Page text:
Alliance Legislative Report (updated on October 6)

Impact

The fight to make historic investments in low-income housing…

October 4–Congress continues to work on the Build Back Better reconciliation package that currently includes historic investments in low-income housing: $90 billion for permanent rental assistance ($75 billion for vouchers and $15 billion for project-based rental assistance), $80 billion in public housing, and $37 billion in the national Housing Trust Fund (HTF). 

House Speaker Nancy Pelosi essentially set a new deadline of October 31 for the House to pass the Build Back Better legislation.  Given that Congress generally waits to the last moment to make tough decisions, we should probably expect the House to pass the reconciliation package later in the month rather than sooner. 

One thing we do know is that the Build Back Better reconciliation package will be reduced in value by approximately 40%–from $3.5 trillion to anywhere from $1.9 trillion to $2.3 trillion—in a concession to moderate Democrats in the Senate.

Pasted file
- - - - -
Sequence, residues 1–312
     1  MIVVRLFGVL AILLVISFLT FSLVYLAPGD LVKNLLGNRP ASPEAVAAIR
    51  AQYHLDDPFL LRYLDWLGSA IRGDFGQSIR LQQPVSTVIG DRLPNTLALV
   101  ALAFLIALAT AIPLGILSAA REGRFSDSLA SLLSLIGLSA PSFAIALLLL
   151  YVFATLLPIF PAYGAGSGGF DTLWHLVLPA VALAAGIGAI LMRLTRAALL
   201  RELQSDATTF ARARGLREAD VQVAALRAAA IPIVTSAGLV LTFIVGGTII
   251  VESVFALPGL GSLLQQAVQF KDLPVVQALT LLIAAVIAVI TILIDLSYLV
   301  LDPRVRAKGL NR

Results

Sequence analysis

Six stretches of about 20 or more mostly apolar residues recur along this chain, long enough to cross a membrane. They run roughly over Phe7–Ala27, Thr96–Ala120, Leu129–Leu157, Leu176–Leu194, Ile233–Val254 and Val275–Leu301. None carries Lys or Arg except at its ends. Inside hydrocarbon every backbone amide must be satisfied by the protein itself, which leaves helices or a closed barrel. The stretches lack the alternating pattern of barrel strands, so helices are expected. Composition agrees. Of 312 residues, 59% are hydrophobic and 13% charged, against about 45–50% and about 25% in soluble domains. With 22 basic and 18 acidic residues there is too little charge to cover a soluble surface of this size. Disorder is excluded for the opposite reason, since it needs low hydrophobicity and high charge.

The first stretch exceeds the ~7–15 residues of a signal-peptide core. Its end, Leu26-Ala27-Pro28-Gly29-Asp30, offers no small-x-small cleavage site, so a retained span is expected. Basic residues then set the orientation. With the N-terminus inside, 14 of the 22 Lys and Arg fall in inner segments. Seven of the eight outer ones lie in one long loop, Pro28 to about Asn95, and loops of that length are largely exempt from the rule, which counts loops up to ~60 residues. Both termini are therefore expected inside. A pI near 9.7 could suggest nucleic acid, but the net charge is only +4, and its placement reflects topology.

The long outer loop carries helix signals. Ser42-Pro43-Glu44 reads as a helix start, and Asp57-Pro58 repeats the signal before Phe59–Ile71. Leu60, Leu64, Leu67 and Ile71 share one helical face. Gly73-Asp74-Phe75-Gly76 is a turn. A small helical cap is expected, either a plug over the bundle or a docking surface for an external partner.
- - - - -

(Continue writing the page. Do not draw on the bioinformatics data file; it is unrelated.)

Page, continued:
Such a reduction could mean that the House leadership, often taking direction from senior Administration officials, could decide to drop the investments in low-income housing from the reconciliation package entirely or reduce them substantially.  In fact, a recent article in The Washington Post speculated that the housing investments could be among the first items dropped from the Build Back Better reconciliation package. 

The reconciliation package also includes an investment of $190 billion in Medicaid’s home- and community-based services that can be used to pay for supportive housing services.  However, that investment is also threated by cutting the cost of the reconciliation package by two-fifths.